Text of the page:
BRUNSWICK — A judge has dealt a blow to a local hotel owner’s lawsuit over the town’s tax rebate plan for the developer of Maine Street Station.
Peter Anastos, a Yarmouth resident and principal owner of of Maine Course Hospitality Group in Freeport, sued the town after it approved a program that will return to JHR Development approximately $907,000 in property taxes collected on the proposed 54-room inn.
Anastos, who also owns the Fairfield Inn & Suites on Old Portland Road and is partial owner of about a dozen hotels around the state, sought access to the study the town used as a basis for deciding JHR Development needed a tax rebate program to finance the inn.
Anastos claimed the document is subject to the state’s Freedom of Access law. The town countered that the study, which was viewed by the Town Council, was confidential because it contained proprietary data and trade secrets about JHR that could be exploited by competitors.
Superior Court Justice Robert E. Crowley ruled in favor of the town on June 7. In the final paragraph of his decision, Crowley said Anastos “simply wants the study to gain a business advantage.”
“While Anastos disagrees with providing public assistance for JHR’s proposed inn,” Crowley added, “his arguments supporting public disclosure of the study overlook the fact that releasing the study could result in a competitive disadvantage to JHR.”
Anastos on Friday said he was disappointed with the decision and hasn’t ruled out an appeal.
He also said he plans to pursue another claim the town didn’t properly consider the detrimental impact the rebate program would have on existing hotels, which he said are already experiencing high vacancy rates.
He argued that another hotel, particularly one receiving public funding, would force others out of business.
“This doesn’t change the overall suit,” Anastos said. “(The rebate) is supposed to provide economic assistance to create new business, not take away business from other people.”
Anastos also rejected Crowley’s statement that he wanted the study to gain a competitive advantage, adding that a portion of the document had been widely circulated to local commercial real estate agencies by JHR President Hilary Rocket.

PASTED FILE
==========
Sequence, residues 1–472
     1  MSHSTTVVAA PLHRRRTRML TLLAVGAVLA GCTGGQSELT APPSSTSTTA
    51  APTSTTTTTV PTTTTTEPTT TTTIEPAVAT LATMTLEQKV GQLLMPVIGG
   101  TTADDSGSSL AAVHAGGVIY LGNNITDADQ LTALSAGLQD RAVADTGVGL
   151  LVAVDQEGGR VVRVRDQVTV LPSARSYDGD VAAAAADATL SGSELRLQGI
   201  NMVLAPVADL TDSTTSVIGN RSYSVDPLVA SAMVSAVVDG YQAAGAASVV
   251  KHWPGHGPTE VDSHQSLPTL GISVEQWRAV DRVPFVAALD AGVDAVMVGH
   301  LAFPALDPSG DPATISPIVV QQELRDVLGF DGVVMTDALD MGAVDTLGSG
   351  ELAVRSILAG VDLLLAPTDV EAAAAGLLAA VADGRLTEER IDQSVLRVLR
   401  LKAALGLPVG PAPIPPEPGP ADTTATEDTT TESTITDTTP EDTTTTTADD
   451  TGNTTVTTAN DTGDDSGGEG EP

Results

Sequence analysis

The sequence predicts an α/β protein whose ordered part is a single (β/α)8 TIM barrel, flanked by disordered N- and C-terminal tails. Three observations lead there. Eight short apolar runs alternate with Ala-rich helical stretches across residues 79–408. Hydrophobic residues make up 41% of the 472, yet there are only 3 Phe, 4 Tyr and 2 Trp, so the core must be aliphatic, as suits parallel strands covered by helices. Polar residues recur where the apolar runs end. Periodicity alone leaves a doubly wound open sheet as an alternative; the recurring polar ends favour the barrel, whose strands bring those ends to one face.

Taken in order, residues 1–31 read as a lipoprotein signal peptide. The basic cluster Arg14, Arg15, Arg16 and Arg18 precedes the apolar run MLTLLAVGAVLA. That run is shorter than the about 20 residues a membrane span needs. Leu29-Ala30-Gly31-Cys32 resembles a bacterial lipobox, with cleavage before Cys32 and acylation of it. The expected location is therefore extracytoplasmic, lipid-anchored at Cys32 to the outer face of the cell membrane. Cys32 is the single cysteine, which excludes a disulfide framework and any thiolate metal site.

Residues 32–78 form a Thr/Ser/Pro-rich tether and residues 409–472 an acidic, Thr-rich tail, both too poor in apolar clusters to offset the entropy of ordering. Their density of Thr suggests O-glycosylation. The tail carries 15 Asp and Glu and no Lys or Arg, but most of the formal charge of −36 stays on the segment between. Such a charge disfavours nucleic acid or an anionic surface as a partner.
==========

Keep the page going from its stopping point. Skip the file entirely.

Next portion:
Anastos added that his attorney, Ken Cole, of the firm Jensen, Baird, Gardner & Henry in Portland, hoped to convince the court to depose town staff to determine if the study contained information that the inn would hurt other hotels in town.
Cole was unavailable for comment Friday.
Meanwhile, Town Manger Gary Brown said Friday that the town stands by its decision to award the rebate program, which will return to JHR an average of 85 percent of property taxes collected on the inn through a 10-year agreement.
“We’re pleased that the court decision confirmed that the (Town Council) was appropriate to not disclose confidential information,” Brown said.
Brown added that the town attorney had been meeting with Anastos’ lawyers to discuss the second portion of the suit.
Town officials have called the inn the lynch pin of Maine Street Station, a $14 million joint development project between JHR and the town. The town and JHR signed a joint development agreement in 2007, and since that time the project’s overall value has declined as the town’s investment has increased.
The project was originally valued at $36 million. Town officials have attributed the falling valuation to the project’s reduced size, from 15 acres to 5.5 acres.
The town’s investment is now 36 percent of the overall value.
Steve Mistler can be reached at 373-9060 ext. 123 or firstname.lastname@example.org